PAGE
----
Archaeal Transcriptional Regulation of Catabolic Carbon Monoxide Dehydrogenase in Methanosarcina species

Thumbnail Image


Publication or External Link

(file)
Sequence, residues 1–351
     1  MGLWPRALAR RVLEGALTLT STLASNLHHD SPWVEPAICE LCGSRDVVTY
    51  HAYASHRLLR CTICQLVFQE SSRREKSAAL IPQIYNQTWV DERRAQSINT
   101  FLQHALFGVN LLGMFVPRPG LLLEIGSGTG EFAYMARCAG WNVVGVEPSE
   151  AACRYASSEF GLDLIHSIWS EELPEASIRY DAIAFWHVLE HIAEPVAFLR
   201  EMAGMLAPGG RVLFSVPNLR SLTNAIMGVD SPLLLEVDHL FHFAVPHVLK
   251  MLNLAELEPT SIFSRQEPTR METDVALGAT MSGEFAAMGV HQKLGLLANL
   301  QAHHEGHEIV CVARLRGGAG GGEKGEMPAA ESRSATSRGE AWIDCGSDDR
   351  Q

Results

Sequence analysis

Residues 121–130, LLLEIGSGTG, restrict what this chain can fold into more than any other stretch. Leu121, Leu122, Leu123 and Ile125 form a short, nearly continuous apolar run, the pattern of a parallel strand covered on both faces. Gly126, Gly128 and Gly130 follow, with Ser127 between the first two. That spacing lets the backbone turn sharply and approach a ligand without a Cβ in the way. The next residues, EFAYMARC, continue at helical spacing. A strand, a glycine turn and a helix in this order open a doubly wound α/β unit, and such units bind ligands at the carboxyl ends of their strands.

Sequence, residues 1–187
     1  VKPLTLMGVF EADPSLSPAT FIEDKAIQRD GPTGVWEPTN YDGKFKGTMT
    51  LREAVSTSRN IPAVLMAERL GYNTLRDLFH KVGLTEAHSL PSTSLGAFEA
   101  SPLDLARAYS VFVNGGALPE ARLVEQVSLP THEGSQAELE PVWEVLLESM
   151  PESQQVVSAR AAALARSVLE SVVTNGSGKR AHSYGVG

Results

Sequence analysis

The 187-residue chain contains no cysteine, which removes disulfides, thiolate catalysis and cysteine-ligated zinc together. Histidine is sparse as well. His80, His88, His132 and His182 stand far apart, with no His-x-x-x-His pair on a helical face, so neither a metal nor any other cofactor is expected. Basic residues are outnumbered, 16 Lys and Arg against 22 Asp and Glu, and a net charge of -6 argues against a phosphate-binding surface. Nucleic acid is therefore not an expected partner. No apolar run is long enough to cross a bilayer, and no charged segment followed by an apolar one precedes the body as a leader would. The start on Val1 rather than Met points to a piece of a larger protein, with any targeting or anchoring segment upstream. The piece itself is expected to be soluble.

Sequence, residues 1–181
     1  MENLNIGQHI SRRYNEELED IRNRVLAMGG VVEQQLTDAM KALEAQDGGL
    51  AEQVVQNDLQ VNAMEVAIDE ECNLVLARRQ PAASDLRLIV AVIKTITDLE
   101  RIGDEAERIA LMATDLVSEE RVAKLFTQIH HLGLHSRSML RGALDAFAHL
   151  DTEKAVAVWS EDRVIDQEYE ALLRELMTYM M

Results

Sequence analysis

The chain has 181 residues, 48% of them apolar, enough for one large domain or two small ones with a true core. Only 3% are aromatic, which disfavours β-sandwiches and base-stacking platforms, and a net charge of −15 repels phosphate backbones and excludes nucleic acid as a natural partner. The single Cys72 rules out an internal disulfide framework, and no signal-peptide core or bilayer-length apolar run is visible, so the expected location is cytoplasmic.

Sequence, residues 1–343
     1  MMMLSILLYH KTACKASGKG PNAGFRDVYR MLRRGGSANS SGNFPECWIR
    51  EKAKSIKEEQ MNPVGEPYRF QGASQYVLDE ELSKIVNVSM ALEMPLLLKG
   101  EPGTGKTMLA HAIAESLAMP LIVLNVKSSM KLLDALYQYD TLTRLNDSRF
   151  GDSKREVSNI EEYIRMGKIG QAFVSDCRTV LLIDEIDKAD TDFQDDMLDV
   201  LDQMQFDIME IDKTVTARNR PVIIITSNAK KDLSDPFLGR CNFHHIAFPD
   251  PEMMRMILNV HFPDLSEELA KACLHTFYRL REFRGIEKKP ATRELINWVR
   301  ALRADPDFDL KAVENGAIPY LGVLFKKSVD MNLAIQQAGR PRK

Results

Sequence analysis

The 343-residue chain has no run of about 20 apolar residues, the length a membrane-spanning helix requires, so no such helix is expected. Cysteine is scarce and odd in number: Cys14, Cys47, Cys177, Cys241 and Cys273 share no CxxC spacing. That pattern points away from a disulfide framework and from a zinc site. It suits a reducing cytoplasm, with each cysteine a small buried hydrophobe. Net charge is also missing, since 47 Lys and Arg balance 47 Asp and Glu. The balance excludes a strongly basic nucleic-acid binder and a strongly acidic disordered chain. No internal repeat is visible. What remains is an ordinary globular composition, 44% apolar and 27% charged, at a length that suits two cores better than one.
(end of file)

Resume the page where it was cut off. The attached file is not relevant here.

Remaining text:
In Archaea, the basal transcription machinery is eukaryotic-like, but some components, such as activator and repressor proteins, are bacteria-like. To further gain knowledge into cellular processes of Archaea, the genome of Methanosarcina thermophila was searched for helicase genes. A homolog of yeast RAD25, a gene with helicase and nucleotide excision repair (NER) abilities, was isolated. M. thermophila rad25 has the domains for helicase activity, but the C-terminal end is truncated, indicating that this protein mostly likely does not function in NER. After overexpression, helicase activity assays of Rad25 indicated that it might have helicase activity; however, there appeared to be contaminating proteins in the purification, so it was not possible to assign the activity only to Rad25. Additional work is necessary to characterize this protein. To investigate transcription, catabolic gene regulation was studied, specifically regulation of carbon monoxide dehydrogenase/acetyl CoA synthase (CODH/ACS) from Methanosarcina species. The regions upstream of the transcriptional start site, as well as the 5' leader region of cdhA, were investigated for trans factors and cis elements that might be involved in regulation. Experiments revealed that regulation of cdhABCDE does not appear to involve trans factors upstream of the transcriptional start site. However, deletion analysis indicated that the 5' leader region does have a role in regulation. Comparing the protein levels to the mRNA levels revealed there was no significant difference between the two, indicating that translational regulation was not a factor. Other experiments ruled out differential mRNA stability as a factor in regulation. A region located between +358 and +405 was important in transcriptional regulation, indicating that regulation occurred at the level of transcription elongation. A model for regulation of catabolic CODH/ACS by differential elongation is proposed. Although 5' leader regions identified for other archaeal genes have been postulated to be involved in regulation, this was the first study to demonstrate a regulatory role by an archaeal leader sequence for differential elongation. Identifying regulatory mechanism(s) of catabolic genes such as CODH/ACS is critical for understanding the regulatory strategies employed by the methanoarchaea to efficiently direct carbon and electron flow during biomass conversion to methane.